My cousin, Beverly Riley, was a constant in my life from the time I was 3 years old. In 1959, my family moved back to my mother's hometown of Poughkeepsie, NY, and from that point forward, Beverly was at our home almost daily. She adored my Mom and Dad, and she loved being a part of our family. She was always good for a smile, a laugh, and she brought fun to everywhere she went. She loved to play cards and board games with us, and we'd often wind up dissolved into laughter over and over again. Whenever Bevie was a part of your day, it was a good one. She brought an ease to any room or occasion with her humor, her laugh, and her beautiful smile. Bevie was one of the smartest women I ever knew. Bright and imaginative, she invented time-saving tools for just about any household task you could think of -- and she did it long before Martha Stewart or YouTube videos. She was an amazingly awesome cook, and created many recipes on her own. Anything that came out of her kitchen was exceptional -- and you always knew you were in for a treat. She adored football, and looked forward to the fall playing season much like a child welcomed Christmas, and she knew the game like a pro. Beverly was kind and thoughtful, and she was famous for sending quirky, funny gifts at holiday time to bring a smile, a laugh, and to let you know you were loved. Fiercely independent, she started working as a secretary when she was 18 or 19 years old at a local firm in Poughkeepsie. I remember her stopping by our house on her way home from work looking stylish and professional with tapered skirts and high heels. She was the quintessential working girl of the day, and I was in awe. She was smart, organized, and efficient. She could trouble-shoot easily and without fuss, and she was well-loved and respected by her employer. When she married, she and her husband moved down towards New York City, and then went to Kentucky. They were there for a few years before deciding to relocate to Florida. They eventually went their separate ways, but Bevie remained in Florida and started selling real estate. It was a perfect occupation for her, as she loved helping people find their perfect home, and with her warmth, wit, intelligence, and perseverance, she was absolutely awesome at her job, and she continued doing that for over 40 years. Years ago, Bevie spoke to me about what she would want to have happen when she passed away. She wasn't much for a lot of fanfare, but she wanted to do something impactful -- to make a difference. She discovered Science Care, and her mind was made up -- she wanted to donate her body to science. She wanted to do her part to help -- in this world and the next. Beverly will be so missed by me and my family. She was a bright star to all who knew her, and her love, her laughter, her beautiful spirit will live in my heart forever.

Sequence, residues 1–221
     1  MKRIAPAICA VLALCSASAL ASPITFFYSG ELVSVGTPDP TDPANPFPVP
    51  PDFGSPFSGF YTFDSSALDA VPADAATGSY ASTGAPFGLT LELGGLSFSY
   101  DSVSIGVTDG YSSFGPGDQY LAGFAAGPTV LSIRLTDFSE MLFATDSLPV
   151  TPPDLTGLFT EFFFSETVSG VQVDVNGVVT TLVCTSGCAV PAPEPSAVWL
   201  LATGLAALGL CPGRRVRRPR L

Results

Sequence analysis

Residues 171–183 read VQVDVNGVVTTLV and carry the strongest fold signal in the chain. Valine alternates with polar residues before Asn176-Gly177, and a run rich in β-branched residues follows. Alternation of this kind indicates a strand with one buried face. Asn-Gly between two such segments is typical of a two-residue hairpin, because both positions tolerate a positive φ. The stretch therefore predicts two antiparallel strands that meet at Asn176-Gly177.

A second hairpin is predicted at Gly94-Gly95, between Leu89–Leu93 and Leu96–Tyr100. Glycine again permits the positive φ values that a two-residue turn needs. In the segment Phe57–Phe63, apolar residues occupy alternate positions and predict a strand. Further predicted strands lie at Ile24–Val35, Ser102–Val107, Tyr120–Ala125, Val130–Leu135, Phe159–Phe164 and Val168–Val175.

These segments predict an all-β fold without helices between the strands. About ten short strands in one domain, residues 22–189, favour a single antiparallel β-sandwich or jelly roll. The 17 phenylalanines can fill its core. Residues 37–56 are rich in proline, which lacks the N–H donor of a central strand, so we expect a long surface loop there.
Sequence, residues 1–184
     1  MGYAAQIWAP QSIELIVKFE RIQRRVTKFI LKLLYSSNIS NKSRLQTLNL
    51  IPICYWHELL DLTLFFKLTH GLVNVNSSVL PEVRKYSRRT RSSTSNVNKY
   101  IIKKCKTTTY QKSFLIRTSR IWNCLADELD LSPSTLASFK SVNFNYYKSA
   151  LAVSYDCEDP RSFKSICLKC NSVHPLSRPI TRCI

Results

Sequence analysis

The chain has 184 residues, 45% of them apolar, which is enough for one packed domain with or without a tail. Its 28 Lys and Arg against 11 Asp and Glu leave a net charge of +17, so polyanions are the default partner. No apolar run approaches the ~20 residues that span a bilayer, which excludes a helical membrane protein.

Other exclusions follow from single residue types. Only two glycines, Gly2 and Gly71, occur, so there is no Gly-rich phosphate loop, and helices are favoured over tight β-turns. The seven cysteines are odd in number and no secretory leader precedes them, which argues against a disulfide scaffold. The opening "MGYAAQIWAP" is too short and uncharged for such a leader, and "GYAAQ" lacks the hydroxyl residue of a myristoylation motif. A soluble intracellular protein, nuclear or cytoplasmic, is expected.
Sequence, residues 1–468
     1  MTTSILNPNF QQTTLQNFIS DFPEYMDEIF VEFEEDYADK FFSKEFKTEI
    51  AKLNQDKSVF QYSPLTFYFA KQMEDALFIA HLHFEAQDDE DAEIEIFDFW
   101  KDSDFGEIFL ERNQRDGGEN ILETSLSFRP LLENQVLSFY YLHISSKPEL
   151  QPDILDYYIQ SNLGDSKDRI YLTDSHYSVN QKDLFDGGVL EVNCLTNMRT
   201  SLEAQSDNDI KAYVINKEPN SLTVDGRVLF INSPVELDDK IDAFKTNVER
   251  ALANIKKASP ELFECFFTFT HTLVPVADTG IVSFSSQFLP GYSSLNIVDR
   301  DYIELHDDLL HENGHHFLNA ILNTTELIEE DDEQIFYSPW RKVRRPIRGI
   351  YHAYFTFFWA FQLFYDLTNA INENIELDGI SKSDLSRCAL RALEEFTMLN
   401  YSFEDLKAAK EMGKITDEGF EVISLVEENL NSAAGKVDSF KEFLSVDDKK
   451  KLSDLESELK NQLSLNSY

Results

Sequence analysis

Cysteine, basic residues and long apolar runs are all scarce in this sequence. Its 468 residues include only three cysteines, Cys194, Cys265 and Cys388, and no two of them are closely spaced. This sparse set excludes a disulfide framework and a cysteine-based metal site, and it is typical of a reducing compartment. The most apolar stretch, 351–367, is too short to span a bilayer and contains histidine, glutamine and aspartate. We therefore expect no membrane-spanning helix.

Friends & Family
Kimberly Crose and family -- Colin and Lisa Crose, Cory and Les Castellanos, Herbert and Charlotte Seymour, David Seymour and Family, John Seymour and Family, Susan and Harry Evers, Erven and Florence Meddaugh, Beverly's parents -- Madeline and Cecil Kennard